Harry Burns: There are two kinds of women: high maintenance and low maintenance.
Sally Albright: Which one am I?
Harry Burns: You're the worst kind; you're high maintenance but you think you're low maintenance.
Sally Albright: I don't see that.
I’m fascinated by this idea. Unfortunately, I’m apparently like Sally Albright, because it appears that even though I don’t view myself as High Maintenance, others DO. I’m not sure why, but they do. So… I did some research.
On Facebook, I put it in my status, asking others what they thought High Maintenance meant to them. Several said the way I view it: Perfect hair and make-up, designer clothing, wanting only the best of material things, blah blah blah.
One friend said when he and I dated, I was pretty laid back. Which is funny, since I was only 19 at the time and 19 in general is a living, breathing hell, but given who his girlfriend was before me, that may be why he viewed me a “laid back”. I just know I wasn’t going to argue since he’s apparently one of the very few who think of me as low maintenance.
A few years ago, in fact, it was 2007 because I remember it vividly, it dawned on me that there is emotional high maintenance so very different from how I’d viewed high maintenance in materialistic ways. Needing reassurance, mental stimulation, the spark and connection. I could see me high maintenance that way. Of course, it was also pointed out to me by someone else that those things weren’t high maintenance in their opinion, but just basic human necessities to feel needed and wanted and loved, and if those things were not being fulfilled and thus creating the high maintenance fallout, that was on the other person to not provide as promised. Which makes sense; I’ve always claimed Love is a verb, an action, so if those actions aren’t made and the love isn’t evident, then yeah, the questions and insecurities would definitely flair up. Anyone can say they love someone else. But showing love – that’s worth much more than diluted words someone may utter just to float by in life to maintain a status quo.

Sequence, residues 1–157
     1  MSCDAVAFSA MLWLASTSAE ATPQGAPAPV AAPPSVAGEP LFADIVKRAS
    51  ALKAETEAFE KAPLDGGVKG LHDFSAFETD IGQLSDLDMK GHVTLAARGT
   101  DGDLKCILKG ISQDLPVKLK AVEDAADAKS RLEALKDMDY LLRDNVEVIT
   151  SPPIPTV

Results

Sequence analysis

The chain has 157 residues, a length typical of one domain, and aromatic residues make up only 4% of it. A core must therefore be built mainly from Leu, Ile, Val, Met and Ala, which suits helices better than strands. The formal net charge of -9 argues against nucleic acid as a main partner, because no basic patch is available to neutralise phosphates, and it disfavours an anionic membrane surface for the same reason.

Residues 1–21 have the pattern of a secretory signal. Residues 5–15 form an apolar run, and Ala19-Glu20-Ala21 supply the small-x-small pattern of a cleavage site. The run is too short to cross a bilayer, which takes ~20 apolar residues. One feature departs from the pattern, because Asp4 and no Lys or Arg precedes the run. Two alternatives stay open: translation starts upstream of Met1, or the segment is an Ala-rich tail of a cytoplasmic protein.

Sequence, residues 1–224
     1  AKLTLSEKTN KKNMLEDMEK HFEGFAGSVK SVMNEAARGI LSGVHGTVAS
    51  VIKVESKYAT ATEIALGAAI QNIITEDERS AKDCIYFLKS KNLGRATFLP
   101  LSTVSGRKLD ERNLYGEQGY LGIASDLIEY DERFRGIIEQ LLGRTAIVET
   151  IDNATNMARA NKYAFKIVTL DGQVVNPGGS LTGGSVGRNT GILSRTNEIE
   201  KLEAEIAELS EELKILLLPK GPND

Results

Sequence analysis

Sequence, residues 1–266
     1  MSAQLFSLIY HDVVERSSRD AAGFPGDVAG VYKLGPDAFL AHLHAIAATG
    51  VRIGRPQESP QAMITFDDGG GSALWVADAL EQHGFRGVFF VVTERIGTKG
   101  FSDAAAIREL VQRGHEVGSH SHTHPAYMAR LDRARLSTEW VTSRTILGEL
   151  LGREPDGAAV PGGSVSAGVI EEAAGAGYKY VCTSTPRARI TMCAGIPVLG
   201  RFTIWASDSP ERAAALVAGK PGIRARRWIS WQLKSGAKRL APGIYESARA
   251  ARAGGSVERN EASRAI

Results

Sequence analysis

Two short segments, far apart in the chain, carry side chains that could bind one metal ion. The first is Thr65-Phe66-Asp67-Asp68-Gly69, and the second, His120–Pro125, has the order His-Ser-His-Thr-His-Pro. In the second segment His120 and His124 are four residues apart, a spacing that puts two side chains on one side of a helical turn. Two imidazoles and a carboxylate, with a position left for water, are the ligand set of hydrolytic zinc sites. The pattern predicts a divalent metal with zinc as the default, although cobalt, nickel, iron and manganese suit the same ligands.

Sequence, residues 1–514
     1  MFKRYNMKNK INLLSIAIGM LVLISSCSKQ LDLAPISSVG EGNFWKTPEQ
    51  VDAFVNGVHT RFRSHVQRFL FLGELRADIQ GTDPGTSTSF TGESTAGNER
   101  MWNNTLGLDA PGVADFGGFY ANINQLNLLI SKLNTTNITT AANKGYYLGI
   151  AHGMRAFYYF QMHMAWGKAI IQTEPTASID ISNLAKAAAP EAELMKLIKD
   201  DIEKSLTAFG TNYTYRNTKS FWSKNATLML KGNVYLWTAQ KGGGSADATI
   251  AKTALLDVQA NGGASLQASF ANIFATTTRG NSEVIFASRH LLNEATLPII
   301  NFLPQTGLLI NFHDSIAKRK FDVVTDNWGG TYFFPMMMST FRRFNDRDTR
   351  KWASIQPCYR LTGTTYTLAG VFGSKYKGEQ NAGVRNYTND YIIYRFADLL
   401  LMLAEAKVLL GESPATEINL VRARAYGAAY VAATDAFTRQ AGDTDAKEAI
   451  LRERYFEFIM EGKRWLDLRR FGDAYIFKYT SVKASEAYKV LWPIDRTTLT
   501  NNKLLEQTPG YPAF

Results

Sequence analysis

Anyway, back to topic:
Another friend said: It’s like a high performance car. If you want the best out of it, you have feed the best into it. (paraphrased)
A third friend said I’m a drama magnet, which used to be very true. But note the magnet – it somehow finds me, but isn’t generated by me. That was good news. And I think it’s the Libran in me attempting to fix and balance others and then getting dragged into it, but… (shrugs) That friend also said that the good thing about my brand of high maintenance is that it’s never boring.
Um. Thanks. I think.
I know I’m definitely not the materialistic high maintenance. I like to shop as much as the next person, but I really like finding good deals, etc, and name brands are not my thing. But the emotional high maintenance, I think if it’s being nurtured and fed and reinforced, that’s not high maintenance at all: That’s what I call Happily Ever After.